A Letter from Our Chapter President
|Welcome to the New Year!|
2020 was difficult, 2021 holds out hope. Spring is not far off, vaccines are on the way,
and migratory birds will be returning.
On behalf of the Board of Forsyth Audubon I wish you all a Happy New Year, I hope you
are well and remaining safe.
Despite the difficulties of 2020 Forsyth Audubon has been busy. New members have
joined us, our Board of Directors has enlarged with new voices adding their ideas and
enthusiasm. There are new volunteers and new friends. We have entered the Virtual
world and expanded our communication reaching a wider population thanks to Heather
Moir and Hannah Addair. Audubon Society of Forsyth County is now 50 years old!
Celebration is commencing with founding and sustaining members sharing their stories
with Ann Robertson in our Newsletters, the 50th Anniversary Committee led by Ron
Morris plans for a gala later in the year.
We have continued with legislative advocacy, individually and collectively, focusing
attention on matters of conservation, education and environmental justice. Participation
in Audubon Climate Watch program is ongoing, Cornell Lab’s Nestwatch program is revitalized, both recruiting new volunteers. A new nature education program at Bethabara
Park was established in partnership with Blue Ridge Parkway Foundation, NC
Arboretum, and City of WS. Local conservation efforts continue under the leadership of
Max Nottke increasing the use of Native Plants in restoring habitat at residential and
public spaces. A strong Equity, Diversity, and Inclusivity committee has formed, chaired
by Joy Rochester, helping us to better support diverse populations in our community and
open nature outings to everyone. Our involvement with local College and University
students and faculty continues with increasing interest in Audubon and birding. Part of
the 50th Anniversary celebration will be original music composed and performed by
students of UNCSA in the theme of the Wood Thrush Migration Project. WSSU students
plan to join us in Climate Watch and Nestwatch. Salem College students were
instrumental in presenting the 4th grade environmental education curriculum. Efforts are
ongoing to form a college chapter at WFU. Park Ranger Jesse Anderson and Graphic
Designer Barb Borucki designed and installed a beautiful Hawk wingspan mural at Pilot
Mountain State Park attracting the attention of lots of kids with outstretched arms. We
continue working with many partners including Habitat for Humanity, Gateway Nature
Preserve, Piedmont Land Conservancy, City and County Parks, and look forward to
collaboration with WSSU, NC State, NCA&T.
Goals for the new year are many with primary being re-opening when it is safe, resuming
field outings locally and distant, moving ahead with our many conservation projects, and
establishing a leadership pipeline to bring Forsyth Audubon into it’s next 50 years. I look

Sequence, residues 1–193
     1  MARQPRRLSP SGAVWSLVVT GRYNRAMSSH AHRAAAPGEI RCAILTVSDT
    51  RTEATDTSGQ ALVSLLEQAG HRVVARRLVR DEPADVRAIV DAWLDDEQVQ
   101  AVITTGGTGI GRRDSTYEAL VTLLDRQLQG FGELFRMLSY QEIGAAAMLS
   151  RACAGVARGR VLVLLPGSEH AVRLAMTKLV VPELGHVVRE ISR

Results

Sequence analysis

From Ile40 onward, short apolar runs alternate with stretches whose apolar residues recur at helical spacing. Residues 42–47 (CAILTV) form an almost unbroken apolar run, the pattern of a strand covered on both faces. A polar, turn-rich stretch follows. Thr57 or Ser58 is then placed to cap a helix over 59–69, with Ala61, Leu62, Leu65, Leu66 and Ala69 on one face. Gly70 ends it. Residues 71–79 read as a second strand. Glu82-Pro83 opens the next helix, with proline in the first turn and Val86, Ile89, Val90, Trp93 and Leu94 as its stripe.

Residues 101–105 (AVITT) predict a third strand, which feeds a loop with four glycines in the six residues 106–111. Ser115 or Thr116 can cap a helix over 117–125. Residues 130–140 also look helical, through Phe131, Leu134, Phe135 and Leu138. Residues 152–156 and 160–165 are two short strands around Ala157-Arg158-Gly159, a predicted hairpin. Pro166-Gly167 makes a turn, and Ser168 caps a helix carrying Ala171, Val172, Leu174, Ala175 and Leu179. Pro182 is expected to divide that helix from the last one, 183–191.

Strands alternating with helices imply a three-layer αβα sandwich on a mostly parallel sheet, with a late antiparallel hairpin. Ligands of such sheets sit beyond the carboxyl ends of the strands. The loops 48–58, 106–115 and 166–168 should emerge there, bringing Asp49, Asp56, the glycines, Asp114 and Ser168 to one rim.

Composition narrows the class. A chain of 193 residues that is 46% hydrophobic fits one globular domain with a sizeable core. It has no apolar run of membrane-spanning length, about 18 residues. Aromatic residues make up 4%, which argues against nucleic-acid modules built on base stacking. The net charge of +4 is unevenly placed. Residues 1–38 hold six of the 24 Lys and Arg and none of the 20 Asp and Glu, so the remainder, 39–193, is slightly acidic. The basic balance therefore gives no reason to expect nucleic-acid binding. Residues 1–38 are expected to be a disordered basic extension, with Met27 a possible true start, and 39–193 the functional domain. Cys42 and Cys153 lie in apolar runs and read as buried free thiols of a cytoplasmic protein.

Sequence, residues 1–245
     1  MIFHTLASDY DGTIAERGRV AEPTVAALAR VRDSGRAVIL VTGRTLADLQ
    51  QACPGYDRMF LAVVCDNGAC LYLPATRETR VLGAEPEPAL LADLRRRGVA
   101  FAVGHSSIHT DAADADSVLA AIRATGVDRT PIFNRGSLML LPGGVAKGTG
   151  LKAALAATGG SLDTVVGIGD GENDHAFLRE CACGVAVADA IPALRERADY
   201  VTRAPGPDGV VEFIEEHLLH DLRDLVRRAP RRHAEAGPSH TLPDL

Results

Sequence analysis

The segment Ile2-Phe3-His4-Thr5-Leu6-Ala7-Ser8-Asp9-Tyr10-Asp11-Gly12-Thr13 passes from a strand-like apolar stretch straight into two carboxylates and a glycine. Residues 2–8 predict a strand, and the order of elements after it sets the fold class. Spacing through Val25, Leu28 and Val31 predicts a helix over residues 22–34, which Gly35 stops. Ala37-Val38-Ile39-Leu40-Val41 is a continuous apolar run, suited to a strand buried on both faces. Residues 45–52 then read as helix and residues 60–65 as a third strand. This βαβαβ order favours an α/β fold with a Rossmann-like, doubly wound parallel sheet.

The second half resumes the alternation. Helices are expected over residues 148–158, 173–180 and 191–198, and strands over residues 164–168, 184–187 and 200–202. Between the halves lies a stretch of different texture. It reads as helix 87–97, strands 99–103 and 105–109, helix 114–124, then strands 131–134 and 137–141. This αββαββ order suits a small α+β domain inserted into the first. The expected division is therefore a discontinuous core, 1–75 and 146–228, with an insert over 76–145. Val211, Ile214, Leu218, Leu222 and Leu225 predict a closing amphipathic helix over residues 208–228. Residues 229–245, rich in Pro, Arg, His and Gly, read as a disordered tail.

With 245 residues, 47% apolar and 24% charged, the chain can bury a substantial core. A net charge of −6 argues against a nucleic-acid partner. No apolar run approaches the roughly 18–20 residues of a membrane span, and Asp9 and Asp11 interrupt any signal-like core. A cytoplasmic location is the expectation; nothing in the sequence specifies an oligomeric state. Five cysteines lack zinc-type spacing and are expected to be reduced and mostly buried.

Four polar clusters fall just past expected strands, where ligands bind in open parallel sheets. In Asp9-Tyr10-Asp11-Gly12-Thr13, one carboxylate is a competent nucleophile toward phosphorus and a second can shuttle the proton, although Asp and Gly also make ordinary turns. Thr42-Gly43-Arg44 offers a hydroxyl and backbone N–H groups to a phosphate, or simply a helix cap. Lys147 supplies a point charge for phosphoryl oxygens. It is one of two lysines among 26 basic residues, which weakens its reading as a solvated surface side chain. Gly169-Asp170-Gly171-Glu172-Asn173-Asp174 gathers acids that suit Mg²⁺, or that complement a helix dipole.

forward to working with all of you to make this a reality.
President, Forsyth Audubon
Jean Chamberlain Receives Snavely Award!
The Christmas Bird Count evening social was highlighted by the presentation to Jean Chamberlain of
the Ramona Snavely Award for 2020.
Jean is a most deserving recipient. A long term member of Audubon Society of Forsyth County she
has contributed in so many ways. A good friend to many, a leader on the Board of Directors, a leader
in the field. She has worked tirelessly on conservation projects such as the Wood Thrush Migration
Study and Native Plant habitat restoration. Her work redesigning and maintaining our Website has
helped greatly to make us professional and friendly.
Jean is a world traveler and a world birder, a student of birdsong, and a devoted bird rehabilitator.
In preparing these remarks I asked several people for their contributions, many responded glowingly.
A story Nathan Gatto told says it well: One day on the Hanging Rock Bird Count, Nathan and Jean
were birding together, Jean kept disappearing and Nathan could not figure out where she went off to.
After the count, Jean explained that she was rehabilitating a Yellow-billed Cuckoo and she stepped
away to feed and care for the healing Cuckoo in the back of her car. Such devotion!
We are very pleased to honor Jean for years of outstanding service to Forsyth Audubon with the
Ramona Snavely Award. Thank you Jean!
Become an Audubon Ambassador on Climate Change!
Audubon North Carolina is looking for Ambassadors on Climate Change. Can you volunteer five hours a month for the benefit of our birds, other wildlife and people? There are a host of things you can do, and you probably do some of the: take part in Christmas Bird Counts, as bird-friendly native plants to your garden, talk to your neighbors about birds and climate change, write legislators about it. Look for a future Audubon Ambassador workshop soon to learn more about the issue and how you can help. To read a summary of the National Audubon Society’s report on “Birds and Climate Change“
Order Birding Guide to Forsyth County!
The fifth edition of “Birding Guide to Forsyth County,” by David Disher, is now available. David’s book, in a handy 6 x 9 paperback format, compiles documented observations for 280 bird species in Forsyth County. Learn what birds can be seen here and during which weeks of the year you are most likely to see them. Photos of uncommon sightings are included. Information on local birding spots also is included. For $15, this is a great gift for your favorite birder. All profits go to our chapter. Copies are available at Wright’s Backyard Birding Center, 3906 Country Club Rd., Winston-Salem, and at Wild Birds Unlimited, 1589 Skeet Club Rd, High Point. Copies also are available for sale at our monthly chapter meetings. If you have a smart phone or tablet, download the electronic version available for $4.99 from www.lulu.com.